18. Mobility first then extensibility followed by stability. Strengthening last.
  19. How do you develop tension in your programming?
If you are not able to address and answer the above points I would suggest you need to be able to do so before training your clients.


Expanding on Progressions: Essentials of Coaching & Training Functional Continuums Part 3

Exercise Continuums: In Part 2 of our review  discussed how to start defining your criteria for determining readiness for activity and exercise.
What is your Movement Vital Sign?
Gray Cook sett the Rules for moving along the continuum.Gray next gives us an example of setting rules for training and exercise and gave us a few key thoughts:

What considerations do you have for your clients before implementing programs?
Breathe, Bend, Balance, Bounce-
Play, Practice, Train-

Determining when your athletes and clients are ready for progressions: They need to demonstrate “alignment with integrity” first.

What criteria are you using to determine minimum competencies in your client and patients prior to progression?

It is here that the series continues by describing the progression and implementation of the concept of establishing competency in our clients before we attempt to increase capacity.
Dan John sets the stage by taking us through a thoughtful progression.

I think a great place to start is by reviewing Gray's 10 Rules:

1- Separate painful movement patterns from dysfunctional movement patterns whenever possible to create clarity and perspective.

2- The starting point for movement learning is a reproducible movement baseline.

3- Biomechanical and physiological evaluation does not provide a complete risk screening or diagnostic assessment tool for a comprehensive understanding of movement pattern behaviors.

4- Movement learning and re-learning has hierarchies that are fundamental to the development of perception and behavior.

5- Corrective exercise should not be a rehearsal of outputs. Instead, it should represent challenging opportunities to manage mistakes on a functional level near the edge of ability.

6- Perception drives movement behavior and movement behavior modulates perception.

7- We should not put fitness on movement dysfunction.

8- We must develop performance and skill considering each tier in a natural progression of movement development and specialization. This is the pyramid model of the competency, capacity and specialization part.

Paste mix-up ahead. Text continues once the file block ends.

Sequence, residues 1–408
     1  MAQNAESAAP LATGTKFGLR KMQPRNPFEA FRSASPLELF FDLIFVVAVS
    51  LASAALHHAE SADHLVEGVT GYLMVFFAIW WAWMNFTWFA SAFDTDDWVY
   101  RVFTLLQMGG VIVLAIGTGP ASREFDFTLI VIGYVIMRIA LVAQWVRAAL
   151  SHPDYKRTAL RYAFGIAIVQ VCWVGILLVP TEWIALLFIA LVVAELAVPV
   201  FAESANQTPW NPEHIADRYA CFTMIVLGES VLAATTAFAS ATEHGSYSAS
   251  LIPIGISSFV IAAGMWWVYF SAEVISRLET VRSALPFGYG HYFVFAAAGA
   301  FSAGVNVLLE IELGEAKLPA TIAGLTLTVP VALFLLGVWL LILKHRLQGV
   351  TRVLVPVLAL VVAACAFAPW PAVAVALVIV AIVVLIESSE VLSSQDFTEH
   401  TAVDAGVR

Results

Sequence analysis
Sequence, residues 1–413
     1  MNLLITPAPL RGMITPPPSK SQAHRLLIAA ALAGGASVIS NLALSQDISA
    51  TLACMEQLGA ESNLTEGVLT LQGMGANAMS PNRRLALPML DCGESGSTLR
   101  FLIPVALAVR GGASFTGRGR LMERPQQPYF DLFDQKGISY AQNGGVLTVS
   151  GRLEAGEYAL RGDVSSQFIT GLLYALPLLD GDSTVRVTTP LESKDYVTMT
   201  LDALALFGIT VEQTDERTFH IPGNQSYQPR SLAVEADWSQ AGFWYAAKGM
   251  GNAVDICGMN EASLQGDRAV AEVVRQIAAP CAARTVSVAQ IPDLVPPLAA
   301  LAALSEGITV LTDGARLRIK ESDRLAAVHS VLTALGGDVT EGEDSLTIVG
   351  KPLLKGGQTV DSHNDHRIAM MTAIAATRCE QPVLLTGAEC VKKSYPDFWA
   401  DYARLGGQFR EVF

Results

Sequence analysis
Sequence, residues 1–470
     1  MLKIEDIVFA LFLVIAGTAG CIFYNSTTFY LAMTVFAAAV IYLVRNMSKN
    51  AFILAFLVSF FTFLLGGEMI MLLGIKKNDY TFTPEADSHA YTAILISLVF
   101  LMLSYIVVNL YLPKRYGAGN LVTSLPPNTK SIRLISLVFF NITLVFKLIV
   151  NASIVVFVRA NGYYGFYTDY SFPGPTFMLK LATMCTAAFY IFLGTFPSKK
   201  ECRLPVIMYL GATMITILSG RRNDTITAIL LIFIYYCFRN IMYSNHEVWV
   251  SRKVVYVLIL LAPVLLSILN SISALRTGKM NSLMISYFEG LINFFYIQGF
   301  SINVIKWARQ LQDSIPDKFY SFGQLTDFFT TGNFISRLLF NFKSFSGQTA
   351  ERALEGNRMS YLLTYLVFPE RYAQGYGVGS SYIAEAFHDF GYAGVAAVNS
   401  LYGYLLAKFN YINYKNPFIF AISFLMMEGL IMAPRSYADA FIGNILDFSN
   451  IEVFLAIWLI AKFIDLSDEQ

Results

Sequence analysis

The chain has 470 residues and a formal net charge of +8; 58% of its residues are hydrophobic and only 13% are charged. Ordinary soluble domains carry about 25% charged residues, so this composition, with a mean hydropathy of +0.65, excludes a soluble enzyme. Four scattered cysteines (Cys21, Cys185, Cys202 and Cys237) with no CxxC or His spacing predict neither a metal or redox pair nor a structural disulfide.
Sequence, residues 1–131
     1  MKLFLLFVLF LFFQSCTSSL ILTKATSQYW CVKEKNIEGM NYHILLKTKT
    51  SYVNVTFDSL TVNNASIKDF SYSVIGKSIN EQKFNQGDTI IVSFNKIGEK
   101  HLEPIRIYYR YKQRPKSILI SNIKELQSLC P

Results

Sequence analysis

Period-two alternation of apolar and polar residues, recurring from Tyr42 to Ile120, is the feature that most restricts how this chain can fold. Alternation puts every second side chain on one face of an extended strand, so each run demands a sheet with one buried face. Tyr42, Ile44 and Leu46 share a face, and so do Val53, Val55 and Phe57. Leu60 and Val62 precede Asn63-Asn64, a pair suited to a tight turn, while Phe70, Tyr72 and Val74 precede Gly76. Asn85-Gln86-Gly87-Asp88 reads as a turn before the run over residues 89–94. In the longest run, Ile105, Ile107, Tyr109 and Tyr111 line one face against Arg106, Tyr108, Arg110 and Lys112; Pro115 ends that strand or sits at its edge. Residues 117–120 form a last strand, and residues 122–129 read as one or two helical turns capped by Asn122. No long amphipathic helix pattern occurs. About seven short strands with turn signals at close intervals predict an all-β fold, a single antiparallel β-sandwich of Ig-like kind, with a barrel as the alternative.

9- Our corrective exercise dosage recipe suggests that we work close to the baseline at the edge of ability with a clear goal. This should produce a rich sensory experience filled with manageable mistakes.

10- The routine practice of self-limiting exercises can maintain the quality of our movement perceptions and behaviors and preserve our unique adaptability that modern conveniences erode.

Now that we are all starting in the same place Dan John starts us out by warming us up with Get Downs. Get Downs are a fabulous way get the neuromuscular system started and test your fundamental ability to get up and down from the floor in patterns. Next, Dan demonstrates how we can begin to impart loads onto the system in a way that does not compromise our competency in a given pattern of movement or exercise. Breath (well) before you Bend, Bend (well) before you Balance, Balance (well) before you Bounce, Bounce- These are the dynamic activities of sport and training.

This progression allows us to establish competency before training for capacity. These particular progressions work up from ground work to kneeling postures, to standing postures to then to carry's.
Dan suggest that you begin the carry's with a weight that you are able to safely and correct bottoms up.
I highly recommend that you add this into your tool box of health & fitness knowledge and seek out those unique educational opportunities. Go hear and learn from the most respected trainers, coaches and clinicians and grow professionally every step of the way.